Q: You’re tied into a regional power grid that you don’t control—do you have any concerns about the broader infrastructure through which you’re transmitting and receiving power outside of your own assets?
A: We’re connected throughout the region and state electric system, so we bring power in and export power out to the grid across the Midwest, and that’s important because other systems are also using our system to take power from one location to another, not just the BPU and the BPU grid. Maintaining that connectivity is important. We also have ties to neighboring utilities, not as much on the electric side but with water sources and supply. We have wholesale customers and send water out to those communities who depend heavily on having that water available to them 24/7.
Q: Now that we’re talking water, can we address the longer-term supply challenges and, for the near term, any concerns with the effects of a prolonged drought?
A: Not so much for us. We all know what’s going on in the state of Kansas with the situation farther out west. But the BPU is very fortunate to have an abundant water supply. We take our supply from some huge aquifers underneath the Missouri River. Not the river water itself but wells that go 90-100 feet under the river. That helps us maintain adequate supplies—they are not subject to impact from flooding or other things you might normally see with the river itself. That abundance of supply protects our communities from working through drought situations that come with reservoirs, rivers, or other places that utilities will draw from. We feel very fortunate to be in a much better place to have the supply systems we have. We also have the adequate storage capacity to get through short-term disruptions.
Q: Is the water table in local aquifers facing the same kinds of issues the Ogallala has for irrigation in western Kansas?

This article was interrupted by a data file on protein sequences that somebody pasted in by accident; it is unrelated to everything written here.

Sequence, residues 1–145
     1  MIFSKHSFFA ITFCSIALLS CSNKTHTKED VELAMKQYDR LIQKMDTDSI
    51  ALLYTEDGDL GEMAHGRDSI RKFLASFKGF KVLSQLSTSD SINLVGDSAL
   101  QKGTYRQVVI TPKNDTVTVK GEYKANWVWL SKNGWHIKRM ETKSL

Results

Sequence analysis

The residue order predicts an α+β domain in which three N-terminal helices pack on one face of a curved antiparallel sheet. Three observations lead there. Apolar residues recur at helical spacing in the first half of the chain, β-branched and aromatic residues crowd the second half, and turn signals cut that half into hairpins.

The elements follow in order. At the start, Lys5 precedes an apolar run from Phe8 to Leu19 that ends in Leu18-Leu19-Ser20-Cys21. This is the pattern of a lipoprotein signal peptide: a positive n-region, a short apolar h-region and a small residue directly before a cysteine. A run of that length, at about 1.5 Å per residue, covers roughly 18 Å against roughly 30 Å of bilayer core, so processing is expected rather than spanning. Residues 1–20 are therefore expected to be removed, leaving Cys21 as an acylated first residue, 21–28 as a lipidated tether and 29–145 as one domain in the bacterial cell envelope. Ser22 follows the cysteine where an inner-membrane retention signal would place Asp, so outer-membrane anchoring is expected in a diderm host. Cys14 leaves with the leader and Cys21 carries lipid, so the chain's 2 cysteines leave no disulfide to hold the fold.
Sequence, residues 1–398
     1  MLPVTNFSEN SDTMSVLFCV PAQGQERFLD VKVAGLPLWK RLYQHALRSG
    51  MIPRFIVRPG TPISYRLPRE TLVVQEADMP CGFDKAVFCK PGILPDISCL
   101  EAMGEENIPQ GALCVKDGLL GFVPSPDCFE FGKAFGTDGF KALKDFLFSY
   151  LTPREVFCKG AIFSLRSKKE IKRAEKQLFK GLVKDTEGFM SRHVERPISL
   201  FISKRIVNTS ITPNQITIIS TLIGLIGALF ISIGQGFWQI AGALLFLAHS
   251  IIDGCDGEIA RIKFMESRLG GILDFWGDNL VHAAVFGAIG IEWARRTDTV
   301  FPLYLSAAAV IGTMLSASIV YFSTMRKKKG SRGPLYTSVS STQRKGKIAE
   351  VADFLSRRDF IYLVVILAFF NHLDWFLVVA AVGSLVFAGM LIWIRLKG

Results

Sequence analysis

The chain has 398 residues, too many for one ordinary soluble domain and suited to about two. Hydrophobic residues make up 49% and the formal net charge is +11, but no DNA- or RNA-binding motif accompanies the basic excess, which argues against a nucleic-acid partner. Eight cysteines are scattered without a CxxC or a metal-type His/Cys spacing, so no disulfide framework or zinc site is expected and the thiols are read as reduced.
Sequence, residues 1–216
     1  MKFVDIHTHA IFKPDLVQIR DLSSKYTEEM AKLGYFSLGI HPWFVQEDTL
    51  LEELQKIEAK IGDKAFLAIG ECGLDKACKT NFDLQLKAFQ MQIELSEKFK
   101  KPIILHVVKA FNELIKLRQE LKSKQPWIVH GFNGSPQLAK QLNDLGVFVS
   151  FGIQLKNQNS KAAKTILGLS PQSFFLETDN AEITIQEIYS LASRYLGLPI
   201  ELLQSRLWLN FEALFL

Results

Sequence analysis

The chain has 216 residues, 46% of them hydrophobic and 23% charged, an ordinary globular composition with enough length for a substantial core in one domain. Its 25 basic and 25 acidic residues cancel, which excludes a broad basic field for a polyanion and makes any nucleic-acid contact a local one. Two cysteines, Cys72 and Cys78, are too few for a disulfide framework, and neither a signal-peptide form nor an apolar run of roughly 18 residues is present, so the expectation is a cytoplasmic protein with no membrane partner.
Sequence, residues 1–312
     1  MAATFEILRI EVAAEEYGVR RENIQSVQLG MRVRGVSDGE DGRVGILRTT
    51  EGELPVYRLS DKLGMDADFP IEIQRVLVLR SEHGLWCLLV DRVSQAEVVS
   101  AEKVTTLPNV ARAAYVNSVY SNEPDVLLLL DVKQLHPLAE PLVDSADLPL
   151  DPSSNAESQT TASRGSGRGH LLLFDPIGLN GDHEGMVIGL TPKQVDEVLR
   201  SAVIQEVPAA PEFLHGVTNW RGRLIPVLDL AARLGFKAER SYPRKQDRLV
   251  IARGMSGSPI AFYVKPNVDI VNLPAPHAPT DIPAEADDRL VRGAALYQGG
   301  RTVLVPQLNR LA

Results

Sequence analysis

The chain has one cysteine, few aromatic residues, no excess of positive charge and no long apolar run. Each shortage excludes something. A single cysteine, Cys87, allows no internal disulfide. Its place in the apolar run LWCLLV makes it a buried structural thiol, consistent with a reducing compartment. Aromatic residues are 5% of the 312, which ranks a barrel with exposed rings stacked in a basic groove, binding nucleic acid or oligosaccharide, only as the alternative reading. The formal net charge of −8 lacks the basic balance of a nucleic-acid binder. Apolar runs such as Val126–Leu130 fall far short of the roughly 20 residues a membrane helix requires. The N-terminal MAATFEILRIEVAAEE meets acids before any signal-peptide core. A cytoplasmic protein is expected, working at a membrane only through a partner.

A: No, not as far as we can tell. Going back to the 1993 floods, there were a number of issues that made us go back and rethink things and ask, “How do we ensure more stable supplies in the future?” We were very fortunate to locate the new sources we have, to come up with the funding to create the plan we now have, and with the state-of-the-art facilities we expect to be in place for decades to come.
Q: What about the economic development aspects of your mission, especially in a county known for its manufacturing muscle?
A: We’re projecting stable but slow growth in the industrial sector; we haven’t seen as much growth there as on the commercial side. Our industrial customers have had certain challenges themselves with inflation and the recessionary periods we’ve gone through. A lot is dependent on sales throughout the U.S., and while our customers’ business sectors are very diverse, they are not totally immune from market conditions in this country. We do have key account people who meet on an ongoing basis with customers, have annual meetings and have fireside chats with them to keep in touch, see how we’re doing, and what we can do to be supportive of them.
Q: Are any of those sectors suggesting strong growth ahead?
A: While the biggest growth we’ve seen is more on the commercial retail side within Wyandotte County, we’re hoping manufacturing can pick back up or is on an uptick with us because that’s going to attract new business. With all the large warehouses here, when you see that growth, it all adds up. It may not be as energy intensive—comparing one warehouse to one manufacturing plant—but we’ve had a good run building that type of business out, and the more we do, that’s certainly better growth than we’ve seen on the residential side. That growth helps stabilize things for the utility, and it provides jobs, something we never want to lose sight of in this county.